The work I encounter for this project continues to fascinate me. It also continues to deepen and expand my understanding and appreciation of the Bible, the world in which its events are situated, and the political climate that dictated how its content would ultimately be shaped.
Aslan’s Zealot: The Life and Times of Jesus of Nazareth provides an interesting, informative examination of Jesus as well as a few key players in the early Church. As I mentioned, I had expected a book that investigated Jesus and determined that he was not the man that the Bible portrays. Instead, this book handles these important figures with respect, and in his discussion, Aslan seeks not to destroy but rather to untangle much of the content that the New Testament has skewed. In so doing, he is able to re-contextualize it, which provides a clearer picture of the faith people are following.
Predictably, Aslan doesn’t bother addressing any of the supposed gay content in the Bible. Why would he? Even though the Bible surfaces in mainstream discussions about homosexuality more than any other conversation, Jesus never mentioned homosexuality. But Paul, on the other hand, says a lot about homosexuality—particularly in Romans. And even when discussing him, Aslan never touches homosexuality. Instead, he focuses on what’s important. Do I think that this means Aslan has no opinion on homosexuality? I have no idea, but by focusing on what he does, Aslan by extension asks people to focus on what matters too. Too often, people are focusing on a minute detail by devoting so much energy to homosexuality. This turns the “issue” into something bigger than the Bible does. So why should we?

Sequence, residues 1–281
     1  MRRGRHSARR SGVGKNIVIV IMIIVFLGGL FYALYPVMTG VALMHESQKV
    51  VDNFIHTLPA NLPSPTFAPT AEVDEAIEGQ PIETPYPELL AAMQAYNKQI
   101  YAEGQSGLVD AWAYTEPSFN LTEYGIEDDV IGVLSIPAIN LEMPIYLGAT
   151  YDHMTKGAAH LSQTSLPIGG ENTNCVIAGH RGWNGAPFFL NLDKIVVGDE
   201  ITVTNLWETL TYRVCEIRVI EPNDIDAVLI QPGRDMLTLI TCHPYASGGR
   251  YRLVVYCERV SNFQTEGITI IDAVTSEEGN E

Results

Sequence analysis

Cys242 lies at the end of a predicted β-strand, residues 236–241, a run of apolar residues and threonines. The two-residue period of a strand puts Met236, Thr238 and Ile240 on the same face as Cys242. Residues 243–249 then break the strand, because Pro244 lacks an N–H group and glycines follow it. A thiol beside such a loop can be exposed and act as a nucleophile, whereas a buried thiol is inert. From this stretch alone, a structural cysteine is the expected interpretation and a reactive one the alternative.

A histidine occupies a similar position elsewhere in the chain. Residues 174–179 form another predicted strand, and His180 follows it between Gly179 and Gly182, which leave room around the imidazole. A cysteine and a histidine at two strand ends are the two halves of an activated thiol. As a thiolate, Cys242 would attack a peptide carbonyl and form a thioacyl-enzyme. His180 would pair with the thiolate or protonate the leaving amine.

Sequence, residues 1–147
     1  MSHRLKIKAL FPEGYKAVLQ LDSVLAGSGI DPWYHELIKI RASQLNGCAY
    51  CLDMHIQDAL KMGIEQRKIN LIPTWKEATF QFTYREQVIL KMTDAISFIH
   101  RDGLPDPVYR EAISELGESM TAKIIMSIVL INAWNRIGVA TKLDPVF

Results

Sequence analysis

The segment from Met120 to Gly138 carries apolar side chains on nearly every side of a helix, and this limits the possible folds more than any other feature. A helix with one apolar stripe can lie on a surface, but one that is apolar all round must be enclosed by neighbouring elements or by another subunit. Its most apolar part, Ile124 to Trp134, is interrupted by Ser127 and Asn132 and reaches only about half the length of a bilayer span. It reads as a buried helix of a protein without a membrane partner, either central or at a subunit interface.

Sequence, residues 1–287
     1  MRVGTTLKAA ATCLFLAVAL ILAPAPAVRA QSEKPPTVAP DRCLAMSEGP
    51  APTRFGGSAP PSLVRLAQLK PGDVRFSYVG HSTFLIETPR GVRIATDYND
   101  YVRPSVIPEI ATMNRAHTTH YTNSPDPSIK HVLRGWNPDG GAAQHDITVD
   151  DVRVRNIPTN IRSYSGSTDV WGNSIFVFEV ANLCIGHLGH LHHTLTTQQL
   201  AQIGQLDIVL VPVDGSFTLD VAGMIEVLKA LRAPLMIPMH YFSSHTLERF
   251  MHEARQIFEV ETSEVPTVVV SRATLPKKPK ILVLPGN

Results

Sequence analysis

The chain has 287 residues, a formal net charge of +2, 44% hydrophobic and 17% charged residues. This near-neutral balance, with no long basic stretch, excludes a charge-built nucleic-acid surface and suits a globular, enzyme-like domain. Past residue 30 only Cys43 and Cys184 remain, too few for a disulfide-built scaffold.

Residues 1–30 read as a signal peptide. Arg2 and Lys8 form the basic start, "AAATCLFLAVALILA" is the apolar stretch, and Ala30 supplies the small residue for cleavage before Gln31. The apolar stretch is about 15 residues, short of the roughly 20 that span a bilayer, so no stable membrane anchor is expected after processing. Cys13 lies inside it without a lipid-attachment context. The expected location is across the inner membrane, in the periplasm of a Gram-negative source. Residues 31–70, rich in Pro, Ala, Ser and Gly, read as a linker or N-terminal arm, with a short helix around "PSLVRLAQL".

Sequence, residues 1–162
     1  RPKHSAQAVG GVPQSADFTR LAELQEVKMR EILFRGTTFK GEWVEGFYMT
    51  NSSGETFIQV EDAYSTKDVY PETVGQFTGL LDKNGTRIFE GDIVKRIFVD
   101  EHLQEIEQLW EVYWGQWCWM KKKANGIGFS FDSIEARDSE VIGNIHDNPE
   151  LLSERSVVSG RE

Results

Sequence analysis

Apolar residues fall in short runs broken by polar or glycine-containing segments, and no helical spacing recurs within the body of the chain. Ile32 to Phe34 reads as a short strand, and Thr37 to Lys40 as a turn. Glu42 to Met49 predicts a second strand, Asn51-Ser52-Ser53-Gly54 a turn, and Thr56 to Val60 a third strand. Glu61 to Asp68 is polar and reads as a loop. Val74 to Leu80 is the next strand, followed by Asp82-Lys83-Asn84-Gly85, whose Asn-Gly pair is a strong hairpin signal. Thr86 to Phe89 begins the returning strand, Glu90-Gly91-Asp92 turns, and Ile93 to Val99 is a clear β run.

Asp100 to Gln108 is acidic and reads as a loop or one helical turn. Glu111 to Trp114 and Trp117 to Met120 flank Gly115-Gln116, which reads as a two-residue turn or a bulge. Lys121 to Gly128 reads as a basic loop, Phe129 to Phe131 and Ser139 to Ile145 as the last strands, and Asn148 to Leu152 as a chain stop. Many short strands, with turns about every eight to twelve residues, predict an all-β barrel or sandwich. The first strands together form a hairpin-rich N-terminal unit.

Furthermore, we should consider the source. As Aslan’s chapter devoted to Paul demonstrates, we should take a moment to think long and hard about the authority to whom we have granted a major say in our society’s thoughts on homosexuality.
To say that the Bible says homosexuality is wrong is accurate. Yes, it’s in there. But if the source within this book was discredited by the very organization/movement he professed to represent, why then are we taking his word for things? We can’t turn back time and interrogate Paul. Why then don’t we bother relying on the people who could? To disregard what they believed over Paul seems problematic, and not just on the gay issue. What else might he be mis-representing? It seems clear that if Jesus actually met Paul—as opposed to supposedly visiting with him in the spirit form—it seems clear that he would have set him straight.
My journey on this blog continues in May, as I discuss a book I found called The Year of Living Biblically, by AJ Jacobs. My sense is that it’s a somewhat humorous take on what happens when a person tries to follow the Bible literally. I don’t know what if anything it will add to this project, but I’m going to read it with an open mind.